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Jon Talton

Analysis and commentary on economic news, trends and issues, with an emphasis on Seattle and the Northwest.

September 17, 2009 at 10:00 AM

Behind the housing numbers, signs of continued pain

Top of the News: Our skepticism alert should always go on high when housing stories come out. So it is with today’s report that housing construction rose 1.5 percent in August.

Single-family housing construction actually fell, and the overall rate disappointed the forecast. This with a new tax-credit that is probably distorting sales upward and is likely not sustainable. Construction is a staggering 70 percent below its peak in 2006. And that’s where we begin to understand the deep wounds facing this sector — which had become more and more central to an American economy that was producing less of almost everything else (other than housing swindles) in the 2000s.

Even when housing “recovers,” it will feel sick. And the problem goes beyond the huge inventory of unsold houses.

A huge piece of the American economy calibrated itself to the pace of construction and sales during the mid-2000s. So the new normal may still feel like a recession. In places such as Nevada, Arizona and Florida, it will still feel like a depression. Business plans will have to be rewritten. Entire companies will continue to go under because they depended on boom-level revenues to stay afloat. And, of course, the massive leverage to keep the entire machine going is impossible to revive. Alan Greenspan is retired.

Of course, location, location, location. So the most desirable areas — including much, but by no means all, of the Puget Sound region — will come back sooner and “stronger” (the new normal, remember). But the pain from the housing crash will not go away anytime soon.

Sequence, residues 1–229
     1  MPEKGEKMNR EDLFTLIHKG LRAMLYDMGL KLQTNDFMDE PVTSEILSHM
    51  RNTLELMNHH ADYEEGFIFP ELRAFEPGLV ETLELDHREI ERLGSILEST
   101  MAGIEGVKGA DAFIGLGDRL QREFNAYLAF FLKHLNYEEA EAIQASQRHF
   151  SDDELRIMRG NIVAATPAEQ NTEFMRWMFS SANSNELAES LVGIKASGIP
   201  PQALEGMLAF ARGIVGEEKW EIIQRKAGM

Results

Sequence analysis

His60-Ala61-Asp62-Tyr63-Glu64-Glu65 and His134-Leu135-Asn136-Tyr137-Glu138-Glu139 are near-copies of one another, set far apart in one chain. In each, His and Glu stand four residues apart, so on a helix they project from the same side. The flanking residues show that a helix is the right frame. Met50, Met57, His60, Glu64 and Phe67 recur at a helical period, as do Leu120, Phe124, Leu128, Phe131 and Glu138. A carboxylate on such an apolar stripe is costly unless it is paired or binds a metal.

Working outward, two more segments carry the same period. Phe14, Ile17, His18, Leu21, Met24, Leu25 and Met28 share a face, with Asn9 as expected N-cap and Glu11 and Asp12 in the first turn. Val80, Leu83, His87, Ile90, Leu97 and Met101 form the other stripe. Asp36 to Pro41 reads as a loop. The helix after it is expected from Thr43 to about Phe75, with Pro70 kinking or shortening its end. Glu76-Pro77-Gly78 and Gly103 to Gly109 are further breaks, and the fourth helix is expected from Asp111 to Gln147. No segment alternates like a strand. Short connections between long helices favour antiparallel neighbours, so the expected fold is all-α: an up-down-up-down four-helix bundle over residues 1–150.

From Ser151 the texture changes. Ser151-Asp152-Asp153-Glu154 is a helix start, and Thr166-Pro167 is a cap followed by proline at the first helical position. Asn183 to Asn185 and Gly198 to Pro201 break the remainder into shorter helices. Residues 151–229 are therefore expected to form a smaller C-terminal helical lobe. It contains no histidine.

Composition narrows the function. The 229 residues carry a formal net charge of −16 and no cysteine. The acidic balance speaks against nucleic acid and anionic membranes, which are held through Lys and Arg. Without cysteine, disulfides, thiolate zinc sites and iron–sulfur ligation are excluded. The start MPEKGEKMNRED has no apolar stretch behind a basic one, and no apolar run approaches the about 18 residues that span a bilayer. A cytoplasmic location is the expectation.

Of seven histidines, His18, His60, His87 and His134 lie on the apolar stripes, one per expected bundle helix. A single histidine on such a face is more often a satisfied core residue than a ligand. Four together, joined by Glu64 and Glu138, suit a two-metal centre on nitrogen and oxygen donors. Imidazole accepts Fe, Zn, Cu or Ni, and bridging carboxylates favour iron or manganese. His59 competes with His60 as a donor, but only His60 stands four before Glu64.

Midweek Briefing (a day late): The widely watched Anderson Forecast from UCLA agrees with Fed Chairman Ben Bernanke that the recession has ended. The bad news: Its damage will linger well into the next decade. Growth will be sluggish and unemployment will be above 10 percent nationally at least through 2010. More bad news for the Democrats.

–Richard Florida looks at data concerning unemployment in creative-class sectors (and, no, they’re not just poets). These groups are doing better than construction or production workers, but there’s significant differences among professions. “Computer, sciences, and engineering professionals experience lower rates of unemployment than arts, design, and entertainment workers. But the lowest rates of unemployment and the most stable employment are found in meds and eds occupations – health and education – where unemployment stays consistently low, even during downturns.”

–Learning Nothing Department: You remember credit default swaps, the weapons of financial mass destruction that helped set off the crash. According to Bloomberg, they’re coming back in vogue on Wall Street.

–China, Japan and the United Kingdom (which does banking for the petro states) added to their holdings of long-term Treasuries in July. Net foreign investment inflows are still in negative territory.

–Economist Nouriel Roubini offers his latest take in this column from the Globe and Mail. The guy who saw the great recession coming says that although the Fed avoided a depression, the trick now is to craft an exit strategy that avoids inflation and deficit disaster that could send the economy into another tailspin.

–Imitation being the sincerest form of flattery, someone has come up with a haiku contest to mark the G-20 summit in Pittsburgh. Par-tay.

Today’s Econ Haiku:

At the G-20

In Pittsburgh will they show steel

Against the banksters?

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